We don't have to look into the future to see what happens when control measures are largely abandoned. We just have to look at South America where infections and deaths skyrocketed when they decided that enough was enough and gave up trying. Peru is a good example to look at.This is something else that's been bugging me. If there is a massive increase in deaths between now and February I will happily hold my hands up and admit I got it wrong. I get the feeling that if there is a massive spike in deaths you will (justifiably) say "I told you so" but if nothing much happens you will argue that it was the policies put in place that prevented those deaths.
Basically, I get the feeling that you and several other people on here are arguing a 'heads I win, tails you lose' situation. Is there anything that will make you change your mind and accept that COVID isn't as dangerous as you currently think?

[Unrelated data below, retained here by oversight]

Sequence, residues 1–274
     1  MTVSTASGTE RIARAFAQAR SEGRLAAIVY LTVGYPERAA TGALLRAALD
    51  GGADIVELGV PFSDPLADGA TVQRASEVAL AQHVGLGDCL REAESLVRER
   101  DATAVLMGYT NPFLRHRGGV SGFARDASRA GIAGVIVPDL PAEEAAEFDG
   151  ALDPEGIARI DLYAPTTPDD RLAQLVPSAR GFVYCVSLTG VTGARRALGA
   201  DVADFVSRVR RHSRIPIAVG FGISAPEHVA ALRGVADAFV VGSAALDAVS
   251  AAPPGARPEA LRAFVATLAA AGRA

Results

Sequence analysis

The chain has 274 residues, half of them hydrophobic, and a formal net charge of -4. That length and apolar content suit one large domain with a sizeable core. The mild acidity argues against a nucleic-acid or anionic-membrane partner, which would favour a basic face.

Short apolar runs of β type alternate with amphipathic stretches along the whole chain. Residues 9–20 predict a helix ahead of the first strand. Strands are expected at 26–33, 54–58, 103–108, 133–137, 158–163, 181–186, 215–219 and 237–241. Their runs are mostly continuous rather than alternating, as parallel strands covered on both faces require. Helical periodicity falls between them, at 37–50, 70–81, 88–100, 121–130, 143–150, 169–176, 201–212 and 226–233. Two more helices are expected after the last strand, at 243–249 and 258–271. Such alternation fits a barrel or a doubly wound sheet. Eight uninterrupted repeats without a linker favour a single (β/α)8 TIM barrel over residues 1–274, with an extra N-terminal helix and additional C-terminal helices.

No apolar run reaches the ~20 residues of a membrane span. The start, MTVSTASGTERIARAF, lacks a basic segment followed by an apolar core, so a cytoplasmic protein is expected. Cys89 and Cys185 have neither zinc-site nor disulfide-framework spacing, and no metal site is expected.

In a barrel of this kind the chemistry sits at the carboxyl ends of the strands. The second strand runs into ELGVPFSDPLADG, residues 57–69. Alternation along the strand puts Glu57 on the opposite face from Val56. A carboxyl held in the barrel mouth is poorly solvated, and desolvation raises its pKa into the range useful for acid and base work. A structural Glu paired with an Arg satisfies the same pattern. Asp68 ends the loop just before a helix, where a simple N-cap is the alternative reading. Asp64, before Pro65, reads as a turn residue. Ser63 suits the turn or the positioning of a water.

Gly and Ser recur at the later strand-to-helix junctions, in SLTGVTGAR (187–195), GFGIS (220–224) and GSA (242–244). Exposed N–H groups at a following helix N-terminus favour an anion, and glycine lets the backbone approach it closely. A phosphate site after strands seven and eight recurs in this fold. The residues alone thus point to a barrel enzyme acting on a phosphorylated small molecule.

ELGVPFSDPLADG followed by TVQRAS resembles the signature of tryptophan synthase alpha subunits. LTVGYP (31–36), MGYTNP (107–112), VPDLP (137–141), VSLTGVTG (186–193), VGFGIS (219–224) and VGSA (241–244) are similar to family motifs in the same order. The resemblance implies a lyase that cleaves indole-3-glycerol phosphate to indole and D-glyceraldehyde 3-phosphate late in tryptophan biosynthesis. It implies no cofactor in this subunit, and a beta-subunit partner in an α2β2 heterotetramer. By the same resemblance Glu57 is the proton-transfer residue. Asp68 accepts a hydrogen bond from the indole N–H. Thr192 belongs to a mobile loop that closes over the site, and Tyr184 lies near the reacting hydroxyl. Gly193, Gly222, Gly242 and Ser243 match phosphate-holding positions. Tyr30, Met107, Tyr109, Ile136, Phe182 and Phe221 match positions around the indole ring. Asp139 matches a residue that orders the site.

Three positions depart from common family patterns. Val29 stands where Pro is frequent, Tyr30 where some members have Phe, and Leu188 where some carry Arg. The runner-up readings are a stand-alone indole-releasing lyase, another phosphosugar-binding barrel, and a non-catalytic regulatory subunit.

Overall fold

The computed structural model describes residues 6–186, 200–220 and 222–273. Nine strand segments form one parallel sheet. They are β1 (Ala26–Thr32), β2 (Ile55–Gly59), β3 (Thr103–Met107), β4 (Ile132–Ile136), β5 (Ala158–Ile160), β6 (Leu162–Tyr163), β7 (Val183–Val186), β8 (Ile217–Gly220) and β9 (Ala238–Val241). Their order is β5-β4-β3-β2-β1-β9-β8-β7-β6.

Public health officials have been saying for well over a month that they expected infection rates would rise when the autumn arrived, kids went back to school, and people started moving around an interacting more.
However, the public health officials where I am have been saying that they think we can keep it under control, but it will be a constant battle over the winter, testing, tracking, tracing, and dialling control measures up and down as required.
We were supposed to have been spending the summer getting ready for this. Now we'll find out if our preparations were adequate.